rs at his side. I also remember reading how the Emperor Napoleon looked, and all about his old gray overcoat, his cocked h elements of his soul. Knowing these facts about Caesar, Napoleon, and Washington, I noticed that I had a much better under-say that Lee is not a great general, and compares him to Napoleon, who, they say, won greater victories, and followed them t they were very different from General Lee's. He, I mean Napoleon, was at the head of a French army, completely disciplinedry he was not the man for them. The consequence was that Napoleon, who was quite as fond of glory as his men, fought battlenefit of them. Lee is in a very different situation from Napoleon. This is an army of volunteers, who did not come into thxpect General Lee to fight as often and as desperately as Napoleon did, or to follow up his victories. He takes the view, Ial Lee is a better soldier for the place he occupies than Napoleon would be. I can look back to many occasions where I t
clad person in the midst of the cortege — a farmer apparently, for he wore a brown linen coat and common straw hat, with nothing whatever to indicate the soldier or dignitary in his appearance. But his dress disappeared from view and was speedily forgotten; the face absorbed attention from the first moment; that face was the most startling reproduction of Napoleon's — the first Emperor's. There was no possibility of making a mistake in this-every one who was familiar with the portraits of Napoleon recognised the prince at a glance. He was taller and more portly than the Man of destiny; but the family resemblance in feature and expression was absolutely perfect. I needed no one to say This is a Bonaparte. The blood of the Corsican was there for all to recognise; this was a branch of that tree whose boughs had nearly overspread a continent. Soon afterwards the forces then at Centreville were drawn up for review — the infantry ranged across the valley east and west; the artillery<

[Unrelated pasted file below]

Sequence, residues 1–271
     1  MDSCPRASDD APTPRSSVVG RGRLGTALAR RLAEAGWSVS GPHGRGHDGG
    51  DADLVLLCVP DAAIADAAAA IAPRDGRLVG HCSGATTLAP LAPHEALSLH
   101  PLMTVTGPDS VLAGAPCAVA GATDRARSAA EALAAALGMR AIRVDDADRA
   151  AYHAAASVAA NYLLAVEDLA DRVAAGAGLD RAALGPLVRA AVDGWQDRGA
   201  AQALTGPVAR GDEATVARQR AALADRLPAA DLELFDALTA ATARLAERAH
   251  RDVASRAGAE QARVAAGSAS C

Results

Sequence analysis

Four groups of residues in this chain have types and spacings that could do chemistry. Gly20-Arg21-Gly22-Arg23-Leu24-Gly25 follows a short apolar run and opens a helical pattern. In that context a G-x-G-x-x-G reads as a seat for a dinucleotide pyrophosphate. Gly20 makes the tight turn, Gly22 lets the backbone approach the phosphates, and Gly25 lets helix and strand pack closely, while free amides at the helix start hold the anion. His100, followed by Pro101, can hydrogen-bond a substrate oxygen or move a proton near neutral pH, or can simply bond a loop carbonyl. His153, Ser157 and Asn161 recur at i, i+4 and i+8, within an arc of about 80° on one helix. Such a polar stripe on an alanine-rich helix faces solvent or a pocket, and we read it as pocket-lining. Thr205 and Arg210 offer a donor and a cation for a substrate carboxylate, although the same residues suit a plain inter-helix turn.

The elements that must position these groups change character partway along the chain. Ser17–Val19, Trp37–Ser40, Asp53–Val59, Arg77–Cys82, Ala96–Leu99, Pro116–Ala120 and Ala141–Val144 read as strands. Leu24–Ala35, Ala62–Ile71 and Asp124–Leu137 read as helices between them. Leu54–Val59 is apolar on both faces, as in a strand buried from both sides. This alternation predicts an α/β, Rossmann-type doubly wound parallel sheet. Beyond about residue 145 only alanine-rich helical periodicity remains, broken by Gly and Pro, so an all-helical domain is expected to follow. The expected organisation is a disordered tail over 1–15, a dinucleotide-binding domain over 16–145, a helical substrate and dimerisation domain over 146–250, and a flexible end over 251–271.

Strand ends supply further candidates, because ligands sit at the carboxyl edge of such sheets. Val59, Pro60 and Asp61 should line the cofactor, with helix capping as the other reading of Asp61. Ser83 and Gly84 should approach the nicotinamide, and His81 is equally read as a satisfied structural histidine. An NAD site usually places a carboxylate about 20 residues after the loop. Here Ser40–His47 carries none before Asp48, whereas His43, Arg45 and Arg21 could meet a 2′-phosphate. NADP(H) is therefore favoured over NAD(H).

who were called upon when do or die was the word, and men were needed who with hats off would call on their enemies to deliver the first fire, and then close in, resolved to conquer or leave their dead bodies on the field. In the Grand Armee of Napoleon it was the Vieux Garde which the Emperor depended upon to retrieve the fortunes of the most desperate conflicts, and carry forward the Imperial Eagles to victory. In the Army of Northern Virginia there is a corps, which, without prejudice to their noble commander, may be said to represent the Tenth Legion of Caesar, the French Guard of Louis, and the Old Guard of Napoleon. This is the Old Stonewall Brigade of Jackson. The Old Stonewall Brigade! What a host of thoughts, memories, and emotions, do those simple words incite! The very mention of the famous band is like the bugle note that sounds to arms! These veterans have fought and bled and conquered on so many battle-fields that memory grows weary almost of recalling their